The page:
Sunday, October 1, 2006

Recycled Spaces

Great article on Recycled Spaces in the L.A.Times today:
People in L.A. aren't the only ones getting make-overs. Buildings are too [...] It's part of a trend known in preservation parlance as adaptive reuse. Born again, these buildings give rise to unique dwellings with a lot of soul. They also make sound conservation sense, preserving resources and helping to put the brakes on regional sprawl. Evocative of other eras, these reincarnations are poised for 21st century sights, sounds and experiences.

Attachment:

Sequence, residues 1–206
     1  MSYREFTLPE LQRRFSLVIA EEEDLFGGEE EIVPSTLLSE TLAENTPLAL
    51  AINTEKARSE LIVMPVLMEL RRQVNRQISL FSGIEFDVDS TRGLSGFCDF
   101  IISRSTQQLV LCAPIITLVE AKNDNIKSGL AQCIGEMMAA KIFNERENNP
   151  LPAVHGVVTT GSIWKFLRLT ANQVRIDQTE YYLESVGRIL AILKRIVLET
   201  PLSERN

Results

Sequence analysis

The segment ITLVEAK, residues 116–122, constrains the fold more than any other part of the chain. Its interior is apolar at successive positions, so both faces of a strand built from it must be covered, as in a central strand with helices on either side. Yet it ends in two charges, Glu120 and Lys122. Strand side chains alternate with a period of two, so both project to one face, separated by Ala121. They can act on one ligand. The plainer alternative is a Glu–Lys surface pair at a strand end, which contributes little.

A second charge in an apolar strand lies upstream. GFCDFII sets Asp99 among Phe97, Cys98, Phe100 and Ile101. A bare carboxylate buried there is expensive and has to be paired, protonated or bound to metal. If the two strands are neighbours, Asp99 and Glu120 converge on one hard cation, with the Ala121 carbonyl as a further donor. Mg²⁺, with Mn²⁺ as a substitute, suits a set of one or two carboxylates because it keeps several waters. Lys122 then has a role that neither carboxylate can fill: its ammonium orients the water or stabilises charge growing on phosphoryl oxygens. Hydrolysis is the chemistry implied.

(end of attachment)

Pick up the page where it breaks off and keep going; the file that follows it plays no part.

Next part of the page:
The article goes on to describe the recycling of a church, a power station, a grocery store, a firehouse, and my favorite conceptually: a Chinatown movie theater. Complete with a a cool 360º viewer.
Reminds me of my days of night-clubbing in a former church, or calling the stables of an old Louis XVI casern in Paris my pied-à-terre. Recycling old spaces is nothing new in Europe, the East Coast, or even San Francisco. But in future-driven Southern California -- where the past has no gravitas and space is treated as a purely commercial affair -- it's a welcome trend.
screenshot of 360º viewer/Chinatiwn movie theater

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